I walked into a convenience store the other day …

and there they were: Hostess Snoballs. A whole rack of them. And although I know I’ve possibly written about them more than the Hostess company has, I can’t help but write about them one more time.

As I stood there looking at the Snoballs, I remembered how badly I wanted to eat and eat and eat them as a kid. How much I believed that they were the promised land. I believed they represented everything I wanted: soft, fluffy, sweet kindness.

Snoballs and also, Pepperidge Farm Lido and Milano cookies. Always the sweets. It was as if I felt that a person who would be allowed to eat them without reservation was a person who was skinny and skinny meant lovable. Being loved and cherished. Belonging. Poor Snoballs. They had so much charge on them, and as I stood there looking at them, they were just gooey sticky white and pink fake food.

I see this in the eating meditations at the retreat. People say I want this muffin, I need this muffin, even though I am not hungry I have to have this muffin. And I say, yes — and what is it that you want more than you want the muffin? What is that you think eating the muffin will give you? And finally, what is it that you’ve given up on having and so you will settle for this muffin instead?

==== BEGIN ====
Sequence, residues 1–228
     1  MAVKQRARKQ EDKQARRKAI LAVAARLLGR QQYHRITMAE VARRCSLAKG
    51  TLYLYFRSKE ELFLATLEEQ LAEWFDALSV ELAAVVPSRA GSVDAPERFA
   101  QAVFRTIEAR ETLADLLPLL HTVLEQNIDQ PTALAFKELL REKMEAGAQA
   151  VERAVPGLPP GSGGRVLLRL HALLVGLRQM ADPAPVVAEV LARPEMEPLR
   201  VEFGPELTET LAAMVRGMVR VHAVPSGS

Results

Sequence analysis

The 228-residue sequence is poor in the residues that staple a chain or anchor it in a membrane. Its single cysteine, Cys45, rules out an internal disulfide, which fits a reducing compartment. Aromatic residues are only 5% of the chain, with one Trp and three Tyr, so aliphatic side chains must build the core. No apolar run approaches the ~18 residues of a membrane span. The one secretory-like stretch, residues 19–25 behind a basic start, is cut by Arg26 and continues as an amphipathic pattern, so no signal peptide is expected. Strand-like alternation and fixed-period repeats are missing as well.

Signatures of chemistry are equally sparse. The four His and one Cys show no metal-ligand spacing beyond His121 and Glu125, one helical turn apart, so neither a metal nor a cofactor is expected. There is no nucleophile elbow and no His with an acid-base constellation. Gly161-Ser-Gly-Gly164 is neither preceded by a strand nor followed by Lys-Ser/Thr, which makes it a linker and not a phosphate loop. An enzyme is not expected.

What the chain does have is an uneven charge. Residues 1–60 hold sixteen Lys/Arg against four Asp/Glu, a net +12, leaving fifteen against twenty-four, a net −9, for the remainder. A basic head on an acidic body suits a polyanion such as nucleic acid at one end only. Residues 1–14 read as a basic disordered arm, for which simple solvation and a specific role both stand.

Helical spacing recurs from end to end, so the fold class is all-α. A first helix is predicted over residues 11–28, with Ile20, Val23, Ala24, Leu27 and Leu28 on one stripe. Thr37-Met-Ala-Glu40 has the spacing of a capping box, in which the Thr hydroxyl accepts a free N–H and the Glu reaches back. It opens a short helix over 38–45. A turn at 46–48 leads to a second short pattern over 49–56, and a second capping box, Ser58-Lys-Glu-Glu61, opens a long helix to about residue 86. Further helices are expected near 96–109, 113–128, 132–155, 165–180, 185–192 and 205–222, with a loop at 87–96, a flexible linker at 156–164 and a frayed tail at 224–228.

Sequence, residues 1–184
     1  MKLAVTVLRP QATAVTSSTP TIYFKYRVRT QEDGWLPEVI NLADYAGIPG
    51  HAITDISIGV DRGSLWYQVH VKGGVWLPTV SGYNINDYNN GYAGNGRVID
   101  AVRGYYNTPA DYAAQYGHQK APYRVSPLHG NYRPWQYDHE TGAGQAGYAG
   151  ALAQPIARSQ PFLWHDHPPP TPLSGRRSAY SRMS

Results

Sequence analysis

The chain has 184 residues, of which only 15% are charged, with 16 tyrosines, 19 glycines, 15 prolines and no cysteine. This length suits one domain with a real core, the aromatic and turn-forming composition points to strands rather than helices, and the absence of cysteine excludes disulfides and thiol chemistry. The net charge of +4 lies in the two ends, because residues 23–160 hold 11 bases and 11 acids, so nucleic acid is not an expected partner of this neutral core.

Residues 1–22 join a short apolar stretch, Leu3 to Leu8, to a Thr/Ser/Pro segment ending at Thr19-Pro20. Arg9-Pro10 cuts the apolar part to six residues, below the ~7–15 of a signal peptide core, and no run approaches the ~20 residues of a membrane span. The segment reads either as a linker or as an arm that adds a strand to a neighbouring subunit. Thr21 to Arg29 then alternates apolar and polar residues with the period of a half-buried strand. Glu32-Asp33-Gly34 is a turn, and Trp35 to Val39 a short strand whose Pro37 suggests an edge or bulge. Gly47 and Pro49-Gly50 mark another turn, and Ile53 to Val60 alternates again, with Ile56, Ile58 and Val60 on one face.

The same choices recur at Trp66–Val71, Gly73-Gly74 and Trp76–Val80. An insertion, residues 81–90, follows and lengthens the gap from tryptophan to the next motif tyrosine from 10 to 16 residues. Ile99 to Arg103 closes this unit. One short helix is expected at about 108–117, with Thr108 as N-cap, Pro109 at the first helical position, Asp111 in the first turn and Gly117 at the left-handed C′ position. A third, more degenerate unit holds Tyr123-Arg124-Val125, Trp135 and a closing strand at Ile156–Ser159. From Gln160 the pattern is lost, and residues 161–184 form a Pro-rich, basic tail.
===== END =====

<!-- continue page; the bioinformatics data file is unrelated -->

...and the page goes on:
It all gets so twisted in there with food or money or drugs, but most especially with love. With what we do to ourselves for love and then how we use food to defend our vulnerable hearts from the beliefs that it’s impossible, that we’re not worthy, that goodness isn’t for us but at least we can have Snoballs or muffins.

It always gets down to love.

What do you do, what do you eat, what do you settle in place of what you really really want? Tell me your answers, and be especially aware that this time — holiday time — the whole shebang is charged with expectation, memories, longing, and how all that relates to food.

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